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Everyday Habits of 12,800 IVF Patients

A.D. Domar, L.A. Conboy

August 5, 2017
Emma Holt

Looking at the effects of region and insurance coverage on patients

It’s no secret that IVF really takes a toll on couples mentally, physically, and certainly financially. Stress undeniably doesn’t help a woman to conceive, let alone throwing in bad lifestyle habits. The habits we’re going to be looking at in this study include alcohol intake, cigarette smoking, caffeine, recreational drug use, and exercising. Domar and Conboy were curious as to how these negative lifestyle habits may play a role in IVF. They also wished to determine if habits are related to a particular region in the U.S. and/or their insurance coverage. 

Materials & Methods

The number of women who participated

This prospective study analyzed a total of 12,811 women. Each underwent an Assisted Reproductive Technology (ART) cycle at various clinics in the United States that use eIVF as their electronic health record system. The women were asked to complete questions about lifestyle habits prior to and during their cycle of IVF.

‍Results & Conclusion

Does region and insurance coverage really matter? 

The following data was collected based on what the women reported during their cycle: 17-23% drank alcohol, 2-7% smoked cigarettes, 62-68% drank caffeine, less than 1% did recreational drugs, and 47-62% exercised. While there were statistically significant regional differences in health habits, there were absolutely no differences in health habits between women who resided in a state with insurance coverage versus those without insurance coverage. At the beginning of this survey, the researchers hypothesized that women with insurance coverage would have worse health habits than those who did not have coverage. Interestingly enough, this was not supported, but they were correct in their hypothesis that there would be significant regional differences in health habits.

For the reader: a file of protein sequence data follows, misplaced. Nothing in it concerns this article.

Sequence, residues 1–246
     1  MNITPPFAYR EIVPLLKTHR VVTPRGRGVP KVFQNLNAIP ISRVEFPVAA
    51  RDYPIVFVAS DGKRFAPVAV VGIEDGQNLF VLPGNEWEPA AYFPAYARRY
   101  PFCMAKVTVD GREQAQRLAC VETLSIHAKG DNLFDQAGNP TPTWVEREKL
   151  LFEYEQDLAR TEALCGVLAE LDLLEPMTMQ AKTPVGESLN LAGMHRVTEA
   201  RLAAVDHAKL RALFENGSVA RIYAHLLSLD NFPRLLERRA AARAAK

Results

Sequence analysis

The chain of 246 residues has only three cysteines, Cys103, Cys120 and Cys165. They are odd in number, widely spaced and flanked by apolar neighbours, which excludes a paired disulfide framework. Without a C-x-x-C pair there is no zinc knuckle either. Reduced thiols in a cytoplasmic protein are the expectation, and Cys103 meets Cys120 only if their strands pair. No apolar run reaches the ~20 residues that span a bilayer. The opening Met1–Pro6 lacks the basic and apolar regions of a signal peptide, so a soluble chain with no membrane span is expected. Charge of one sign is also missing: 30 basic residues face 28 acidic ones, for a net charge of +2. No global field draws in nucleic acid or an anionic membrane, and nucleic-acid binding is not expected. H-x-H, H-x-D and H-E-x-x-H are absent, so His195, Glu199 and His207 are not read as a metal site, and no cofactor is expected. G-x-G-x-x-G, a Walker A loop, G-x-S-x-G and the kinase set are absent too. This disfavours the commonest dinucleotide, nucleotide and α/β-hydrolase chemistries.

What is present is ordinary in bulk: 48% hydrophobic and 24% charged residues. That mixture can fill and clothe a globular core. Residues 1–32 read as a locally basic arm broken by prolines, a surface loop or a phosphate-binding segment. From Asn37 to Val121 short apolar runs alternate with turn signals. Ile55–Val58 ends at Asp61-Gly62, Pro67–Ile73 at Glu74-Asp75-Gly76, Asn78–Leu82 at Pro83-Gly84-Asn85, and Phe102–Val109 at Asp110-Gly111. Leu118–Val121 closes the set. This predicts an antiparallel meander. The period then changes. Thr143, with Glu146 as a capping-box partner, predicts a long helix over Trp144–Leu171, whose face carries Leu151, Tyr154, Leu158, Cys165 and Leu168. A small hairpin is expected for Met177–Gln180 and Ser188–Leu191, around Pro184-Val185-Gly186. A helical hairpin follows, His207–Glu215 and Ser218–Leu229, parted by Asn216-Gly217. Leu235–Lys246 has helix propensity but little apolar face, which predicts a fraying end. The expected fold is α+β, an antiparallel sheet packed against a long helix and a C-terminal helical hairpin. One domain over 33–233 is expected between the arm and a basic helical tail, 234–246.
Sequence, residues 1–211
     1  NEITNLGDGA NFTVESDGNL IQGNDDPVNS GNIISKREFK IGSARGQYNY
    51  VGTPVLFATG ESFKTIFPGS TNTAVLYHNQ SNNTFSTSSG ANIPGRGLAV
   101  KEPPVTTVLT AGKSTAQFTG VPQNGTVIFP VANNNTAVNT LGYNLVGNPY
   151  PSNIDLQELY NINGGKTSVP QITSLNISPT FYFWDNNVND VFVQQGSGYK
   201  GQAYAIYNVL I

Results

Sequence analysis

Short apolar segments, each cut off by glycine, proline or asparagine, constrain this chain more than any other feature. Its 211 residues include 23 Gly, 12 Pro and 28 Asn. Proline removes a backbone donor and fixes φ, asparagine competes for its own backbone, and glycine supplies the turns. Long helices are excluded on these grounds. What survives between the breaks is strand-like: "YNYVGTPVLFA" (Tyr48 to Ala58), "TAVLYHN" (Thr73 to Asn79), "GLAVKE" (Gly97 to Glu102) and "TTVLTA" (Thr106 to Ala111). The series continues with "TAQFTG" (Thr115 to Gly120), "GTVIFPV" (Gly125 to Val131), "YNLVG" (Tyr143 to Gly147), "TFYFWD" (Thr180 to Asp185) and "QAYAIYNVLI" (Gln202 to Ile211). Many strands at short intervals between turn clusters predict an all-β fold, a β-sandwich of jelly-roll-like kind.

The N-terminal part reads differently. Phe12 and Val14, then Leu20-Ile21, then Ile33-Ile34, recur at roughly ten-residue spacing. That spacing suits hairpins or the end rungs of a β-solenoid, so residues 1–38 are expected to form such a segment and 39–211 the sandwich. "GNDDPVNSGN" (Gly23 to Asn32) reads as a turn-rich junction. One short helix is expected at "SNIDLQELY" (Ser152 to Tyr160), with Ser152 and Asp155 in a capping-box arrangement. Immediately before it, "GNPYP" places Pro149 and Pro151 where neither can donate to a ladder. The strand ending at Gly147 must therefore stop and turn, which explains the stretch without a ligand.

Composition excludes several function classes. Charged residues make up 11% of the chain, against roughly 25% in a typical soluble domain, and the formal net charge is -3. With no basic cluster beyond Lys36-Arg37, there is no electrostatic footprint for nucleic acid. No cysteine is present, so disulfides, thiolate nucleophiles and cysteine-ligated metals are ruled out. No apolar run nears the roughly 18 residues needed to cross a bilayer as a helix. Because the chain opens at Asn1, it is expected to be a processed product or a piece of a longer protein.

When this survey was published in October 2013, it was the first prospective assessment of lifestyle habits across regions in the U.S. and by insurance coverage. It’s unclear why women undergoing IVF engage in behaviors that may negatively impact their cycle although one thing is for sure - there is no doubt that stress plays a large factor. That being said, there are other ways of coping and you should consult your doctor for suggestions of positive lifestyle habits that’ll positively impact your journey through IVF.  


Fertility and Sterility, September 2013 , Volume 100, Issue 3, Supplement, Page S470


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